His claims can be summed up as "amateurs value connectivity more than image quality"
And that's why he's wrong. We should also "amateurs" - what it really means.
Non professional photographers take images for very different reasons. And not all of them - and probably just a small part of them, although very visible due to the hype sorrounding "social media" today - require "instant connectivity". While there amateurs who value image quality a lot. We all agree that P&S market is already doomed - but even here you can find people needing a small, light camera yet versatile and delivering high image quality. A niche market, probably, but not a so small niche. But people approaching DSLR and their systems? Sure, there is the "gear collector" for whom the "feature set" printed on the box is of paramount importance. But those really interested in photographic art and technique, and looking for quality and versatility? Why their cameras shoud be turned into smartphones wannabe, when what you need while shooting is less distractions? Do you really need in-camera notifications of how many likes and retweets your last photo got? Do you shoot just to please your ego, or do you have other reasons?
Even among professional there could be some who could value today connectivity much more then image quality i.e. paparazzi and sport/photojpurnalists, while others don't.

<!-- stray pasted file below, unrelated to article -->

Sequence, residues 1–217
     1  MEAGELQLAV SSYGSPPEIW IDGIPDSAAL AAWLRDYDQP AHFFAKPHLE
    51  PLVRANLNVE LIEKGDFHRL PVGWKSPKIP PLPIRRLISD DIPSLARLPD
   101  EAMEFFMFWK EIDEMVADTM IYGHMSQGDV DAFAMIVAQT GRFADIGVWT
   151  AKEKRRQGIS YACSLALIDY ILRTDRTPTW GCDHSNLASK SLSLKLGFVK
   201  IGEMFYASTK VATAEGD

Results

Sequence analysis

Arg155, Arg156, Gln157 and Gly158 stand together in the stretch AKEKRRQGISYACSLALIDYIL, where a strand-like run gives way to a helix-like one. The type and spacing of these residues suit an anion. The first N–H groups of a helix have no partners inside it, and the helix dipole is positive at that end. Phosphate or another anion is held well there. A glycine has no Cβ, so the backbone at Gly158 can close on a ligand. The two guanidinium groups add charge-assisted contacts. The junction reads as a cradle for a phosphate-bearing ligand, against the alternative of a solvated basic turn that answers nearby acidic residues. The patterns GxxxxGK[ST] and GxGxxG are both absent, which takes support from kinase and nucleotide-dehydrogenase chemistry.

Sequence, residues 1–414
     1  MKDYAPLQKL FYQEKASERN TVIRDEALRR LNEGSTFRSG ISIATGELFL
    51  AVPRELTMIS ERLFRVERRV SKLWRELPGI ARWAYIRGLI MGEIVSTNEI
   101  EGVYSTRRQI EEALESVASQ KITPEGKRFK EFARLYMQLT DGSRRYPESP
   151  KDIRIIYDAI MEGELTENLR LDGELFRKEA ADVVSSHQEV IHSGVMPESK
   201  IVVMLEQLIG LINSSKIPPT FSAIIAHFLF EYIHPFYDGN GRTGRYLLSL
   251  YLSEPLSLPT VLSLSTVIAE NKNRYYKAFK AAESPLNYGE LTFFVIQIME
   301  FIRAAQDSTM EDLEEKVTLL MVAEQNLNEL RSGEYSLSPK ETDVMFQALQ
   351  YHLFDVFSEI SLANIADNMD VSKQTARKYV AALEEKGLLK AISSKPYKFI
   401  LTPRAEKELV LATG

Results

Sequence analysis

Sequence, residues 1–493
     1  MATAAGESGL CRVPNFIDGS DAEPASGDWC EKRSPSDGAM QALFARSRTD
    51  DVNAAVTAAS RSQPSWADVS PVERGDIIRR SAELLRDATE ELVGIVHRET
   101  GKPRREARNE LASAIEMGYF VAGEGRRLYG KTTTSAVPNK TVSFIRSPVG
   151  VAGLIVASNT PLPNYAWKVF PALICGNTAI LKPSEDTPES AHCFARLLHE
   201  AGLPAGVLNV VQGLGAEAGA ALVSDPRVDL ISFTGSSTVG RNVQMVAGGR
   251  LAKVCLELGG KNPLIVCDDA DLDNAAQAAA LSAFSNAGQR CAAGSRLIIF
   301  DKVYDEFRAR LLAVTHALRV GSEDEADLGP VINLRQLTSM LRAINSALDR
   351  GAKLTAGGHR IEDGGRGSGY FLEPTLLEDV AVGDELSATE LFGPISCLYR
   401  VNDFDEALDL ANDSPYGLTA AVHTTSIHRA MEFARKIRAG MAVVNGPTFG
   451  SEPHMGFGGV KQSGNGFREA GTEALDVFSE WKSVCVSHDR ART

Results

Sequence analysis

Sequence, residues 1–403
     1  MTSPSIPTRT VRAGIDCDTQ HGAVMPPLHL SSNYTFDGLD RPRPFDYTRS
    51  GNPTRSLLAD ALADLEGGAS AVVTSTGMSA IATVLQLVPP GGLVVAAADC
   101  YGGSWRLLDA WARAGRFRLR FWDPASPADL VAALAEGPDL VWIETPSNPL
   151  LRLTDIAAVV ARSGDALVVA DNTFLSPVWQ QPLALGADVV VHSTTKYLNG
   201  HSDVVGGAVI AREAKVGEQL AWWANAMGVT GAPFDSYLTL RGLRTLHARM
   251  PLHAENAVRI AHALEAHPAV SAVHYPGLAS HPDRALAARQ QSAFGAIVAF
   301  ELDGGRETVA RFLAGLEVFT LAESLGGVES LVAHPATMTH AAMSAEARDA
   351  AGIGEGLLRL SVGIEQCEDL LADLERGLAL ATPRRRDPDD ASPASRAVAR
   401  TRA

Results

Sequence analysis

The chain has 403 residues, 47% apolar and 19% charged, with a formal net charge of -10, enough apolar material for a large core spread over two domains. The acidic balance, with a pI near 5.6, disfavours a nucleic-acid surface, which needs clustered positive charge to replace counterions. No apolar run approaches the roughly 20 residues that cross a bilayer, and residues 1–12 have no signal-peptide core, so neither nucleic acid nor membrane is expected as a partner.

If that was his thought, well, he's using "amateurs" in the negative meaning many "pros" use. But is this really the target market, or maybe some camera maker has a better understanding of their market and what user really want? While user feedback is important to design a product, following only user feedback is not really the way to design a good product. Apple has been successful in the past years exaclty because was able to find good designs most users would have never thought about. When Canon asked Colani a new design for camera bodies, he delivered a new ergonomic design that became the de-facto industry standard, still in use today. Would users have ever asked for that? I really doubt it. Probably, they would have asked for some bells and whistles, thinking "out of the box" is something much more difficult, and it's not usually achieved just chasing fashions.
And sometimes fashion is wrong. On my previous smartphones (I got my first one in 2002... - said it was the future, people wandered how could I use such a large phone...) I could answer a call pressing a single button, while not even looking at the device. Now most buttons went way, and answering a call requires - a swipe, and a "touch" - and of course you have to look at the phone. Of course, calling/answering is now out of fashion. You should just take images and upload them.
PS: I know I can answer with a single button press on a bluetooth device - just I don't wear one all the time...